All you have to do is look at the passage we just read from the prophet Isaiah if you have any doubts about how this will all go down. If it sounds familiar it’s because we read it every year on Good Friday. And we know how that turns out for Jesus and his disciples.

As Christians, our inheritance is not to become great by human standards. Rather it is to serve others in the name of Christ. And doesn’t that just push against every cultural inclination? We may not be willing to win at all costs since, you know, we’re people of faith, but we still want to win. So when Jesus says, “whoever wishes to become great among you must be your servant, and whoever wishes to be first among you must be slave of all,” that’s not something that comes naturally to us.

And it certainly didn’t come naturally to James and John. Which is something we share with them. Jesus nicknamed the two “boanerges” which is translated “Sons of Thunder.” Why? Because they were passionate, fiery, go-getters. At one point on their travels, Jesus is opposed by some villagers who refuse to let him and his disciples stay the night. And James and John say to Jesus, “Lord, do you want us to call fire down from heaven to destroy them?” Uh, no. But it gives you a glimpse into their no-holds-barred, do anything for the team approach to discipleship. That’s what Jesus is working with when he flips their entire notion of discipleship upside down with the whole ‘whoever wants to be great must be a servant’ thing.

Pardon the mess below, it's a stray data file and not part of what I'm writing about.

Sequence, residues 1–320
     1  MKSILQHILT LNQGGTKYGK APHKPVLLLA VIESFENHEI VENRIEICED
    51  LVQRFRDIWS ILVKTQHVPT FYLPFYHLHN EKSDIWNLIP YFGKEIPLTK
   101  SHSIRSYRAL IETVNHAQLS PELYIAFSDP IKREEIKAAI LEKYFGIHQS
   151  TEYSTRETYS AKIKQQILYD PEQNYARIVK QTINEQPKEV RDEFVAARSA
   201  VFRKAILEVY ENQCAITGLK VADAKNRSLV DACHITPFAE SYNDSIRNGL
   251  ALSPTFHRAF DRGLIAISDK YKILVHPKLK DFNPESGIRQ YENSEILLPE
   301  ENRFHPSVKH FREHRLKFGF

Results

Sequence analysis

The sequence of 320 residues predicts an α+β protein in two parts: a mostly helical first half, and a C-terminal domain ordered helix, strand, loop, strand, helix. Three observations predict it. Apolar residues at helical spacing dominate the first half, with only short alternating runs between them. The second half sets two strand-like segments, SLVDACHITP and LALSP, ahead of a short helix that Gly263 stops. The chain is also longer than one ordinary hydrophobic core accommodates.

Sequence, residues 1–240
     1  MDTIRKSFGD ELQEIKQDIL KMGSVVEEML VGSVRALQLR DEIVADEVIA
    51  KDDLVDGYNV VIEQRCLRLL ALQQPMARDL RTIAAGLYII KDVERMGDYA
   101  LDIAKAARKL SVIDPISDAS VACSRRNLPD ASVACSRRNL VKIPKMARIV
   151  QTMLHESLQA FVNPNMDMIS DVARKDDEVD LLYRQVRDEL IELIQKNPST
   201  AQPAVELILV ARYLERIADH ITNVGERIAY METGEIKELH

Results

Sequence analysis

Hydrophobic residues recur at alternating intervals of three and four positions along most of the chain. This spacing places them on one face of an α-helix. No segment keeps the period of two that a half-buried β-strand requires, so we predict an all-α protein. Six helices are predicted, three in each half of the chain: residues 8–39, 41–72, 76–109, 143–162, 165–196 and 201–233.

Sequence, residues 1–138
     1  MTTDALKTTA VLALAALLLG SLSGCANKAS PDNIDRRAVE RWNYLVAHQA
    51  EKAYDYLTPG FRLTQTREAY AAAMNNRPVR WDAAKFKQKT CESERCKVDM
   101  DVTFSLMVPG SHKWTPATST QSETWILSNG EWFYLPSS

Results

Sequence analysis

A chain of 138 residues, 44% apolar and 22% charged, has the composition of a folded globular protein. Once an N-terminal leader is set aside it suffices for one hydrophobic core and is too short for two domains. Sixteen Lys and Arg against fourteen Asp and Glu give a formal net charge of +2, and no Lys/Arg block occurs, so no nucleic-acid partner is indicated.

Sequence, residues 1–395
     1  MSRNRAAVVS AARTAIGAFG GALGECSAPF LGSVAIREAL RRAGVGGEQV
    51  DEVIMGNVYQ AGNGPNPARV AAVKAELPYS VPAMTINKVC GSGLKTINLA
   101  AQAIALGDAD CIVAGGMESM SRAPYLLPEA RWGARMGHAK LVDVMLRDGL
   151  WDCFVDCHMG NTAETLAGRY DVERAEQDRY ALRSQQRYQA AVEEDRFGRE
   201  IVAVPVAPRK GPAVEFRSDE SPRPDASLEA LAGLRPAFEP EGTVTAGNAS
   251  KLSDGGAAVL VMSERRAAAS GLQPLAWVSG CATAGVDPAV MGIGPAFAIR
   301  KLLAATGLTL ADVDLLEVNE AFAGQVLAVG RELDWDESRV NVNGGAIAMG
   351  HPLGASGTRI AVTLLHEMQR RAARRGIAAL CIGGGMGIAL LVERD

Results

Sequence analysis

In the end James and John will indeed drink the cup that Jesus drinks. Tradition holds that James was the first of the disciples to be martyred and John, who became known as the Beloved Disciple, was charged with taking Mary into his home and caring for her after the crucifixion. Eventually they do get it. But that doesn’t mean they didn’t try the patience of their Lord along the way.

And in this, we have much in common with James and John. Like these Sons of Thunder, there are moments when we just don’t get it. We may not want to think about this but despite Jesus’ limitless capacity to love us and forgive us, we shouldn’t get lulled into believing that he never gets fed up with us. So I do think it’s worth reflecting upon the things we do or fail to do that try the patience of Jesus. I can personally think of all sorts of things I do that might exasperate him. And I doubt I’m alone.

Because for all his talk about loving our neighbors as ourselves, how often do we turn away when we see someone in need? For all his talk about forgiveness, how often do we hold grudges? For all his talk about generosity, how often do hoard our resources? For all his talk about justice, how often do we encounter injustice and just walk away?

And yet…even when we exasperate Jesus, even when we try his patience, even when we make him roll his eyes and shake his head, he still loves us. That’s the good news for us today. That no matter what we do in our ignorance, in our blindness, in our sinfulness, Jesus looks upon us with compassion and forgiveness and mercy. Even if we sometimes drive him nuts.

© The Rev. Tim Schenck 2015